By boosting the number of red blood cells in the body, EPO decreases fatigue and bolsters performance through the increased blood and oxygen flow to the cells.
A number of major newspapers, including the London Times and the Washington Post, reported that on Dec. 9 the International Olympic Committee freed the way to allow the governing bodies of triathlon, cycling and modern pentathlon to conduct pre-event blood tests for EPO for 2000 Summer Games in Sydney.
A Reuters News Service report quoted IOC Medical Director Dr. Peter Samasch's statement that triathlon's governing body, the International Triathlon Union "had asked to carry out tests to check the level of red blood cells in competitors' bodies before races."
The problem is that the ITU won't be conducting these tests, and knew nothing about the IOC announcement at the time.
"This whole situation completely blindsided us," ITU General Secretary Mark Sisson said. "The IOC, or rather an individual in the IOC, pre-empted our decision whether or not to test our athletes. We are as adamant as ever that we will not conduct blood testing as a health screen prior to competition."
The reason the ITU will not submit its athletes to testing is because there is no viable test to check for synthetic EPO. The "health screening" proposed by the IOC measures the hematocrit level (percentage of red blood cells according to blood volume) of an athlete's blood.
This is the same test that cycling's governing body, the Union Cycliste Internationale, instituted after the 1998 Tour de France doping scandal.
The health screening only measures the level of red blood cells in the body and not the existence of synthetic EPO. In the UCI's testing procedure, athletes with a hematocrit level above 50 are suspended from competition for safety purposes. Because there is no way of telling if this hematocrit level was attained naturally or with synthetic EPO, no sanctions can be leveled against athletes who test too high.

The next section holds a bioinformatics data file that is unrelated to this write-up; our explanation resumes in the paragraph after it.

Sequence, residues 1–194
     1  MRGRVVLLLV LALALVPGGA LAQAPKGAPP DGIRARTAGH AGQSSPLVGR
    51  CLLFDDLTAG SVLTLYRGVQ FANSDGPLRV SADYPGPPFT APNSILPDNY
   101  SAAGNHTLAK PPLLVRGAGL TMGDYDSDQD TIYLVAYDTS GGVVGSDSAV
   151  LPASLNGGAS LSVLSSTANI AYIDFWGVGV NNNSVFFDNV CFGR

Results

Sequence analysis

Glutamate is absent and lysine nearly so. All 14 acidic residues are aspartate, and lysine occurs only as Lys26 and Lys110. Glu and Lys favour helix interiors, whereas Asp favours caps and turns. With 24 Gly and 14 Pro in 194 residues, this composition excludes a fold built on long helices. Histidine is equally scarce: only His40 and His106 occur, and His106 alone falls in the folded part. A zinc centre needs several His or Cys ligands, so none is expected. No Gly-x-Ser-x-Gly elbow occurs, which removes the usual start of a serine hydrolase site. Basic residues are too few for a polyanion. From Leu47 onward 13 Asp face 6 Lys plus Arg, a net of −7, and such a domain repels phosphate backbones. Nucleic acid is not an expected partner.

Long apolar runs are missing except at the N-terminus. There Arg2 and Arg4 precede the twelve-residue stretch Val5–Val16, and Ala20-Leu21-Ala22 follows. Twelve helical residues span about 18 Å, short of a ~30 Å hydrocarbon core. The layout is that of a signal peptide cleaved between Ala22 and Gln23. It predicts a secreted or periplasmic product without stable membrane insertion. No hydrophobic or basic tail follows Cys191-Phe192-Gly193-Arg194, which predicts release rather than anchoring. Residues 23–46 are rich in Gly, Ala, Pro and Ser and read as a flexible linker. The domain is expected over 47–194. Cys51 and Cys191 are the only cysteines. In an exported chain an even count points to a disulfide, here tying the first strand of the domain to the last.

"What about those poor Colombian athletes who train at altitude and may have a natural (hematocrit) level of, say, 52?" Sisson said. "It is our opinion that health screening allows any athlete to 'dope up' to the legal limit. This runs completely contrary to our stated goals: that we will use every effort to stop drug-taking."
In addition, Sisson says, citing health concerns for EPO or hematocrit testing isn't really the real issue behind the ITU's drug policy, considering the measures they go to ban athletes from using many beneficial medications.
"Here we are denying these athletes the very drugs everyone else in the population uses to get healthy," he said. "But we're out hammering (our athletes) day in, day out causing adrenal insufficiency, thyroid issues, low bone density for us to say we're testing hematocrit for the safety of our athletes, it's hypocritical to beat the band. It is because we want to have a level playing field, that this is our approach.
"I mean, you've got guys who have done Ironman 20 times, guys who have gone to the well like nobody goes to the well," Sisson said. "... You look at the top names in our sport except for Dave Scott, who's taken pretty good care of himself; how many of them look younger than their actual chronological age? But that's the nature of being an athlete; it's a Spartan life of self-denial and sacrifice for a goal the likes of which most of the human population can't even begin to identify with. It's a noble pursuit, but it's not without cost."
According to Sisson, the ITU's refusal to conduct hematocrit screenings in no way means the organization is lax on the issue of illegal substances.
"ITU is cutting-edge in doping control," Sisson said. "We are taking a stance, but we don't go overboard.
"They've got a test (for EPO) where there would be one false positive test in 1,000 cases but that's not good enough, because that one person who gets a false positive makes it worth not testing. Worse than all the cheaters is inappropriately sanctioning someone who hasn't cheated."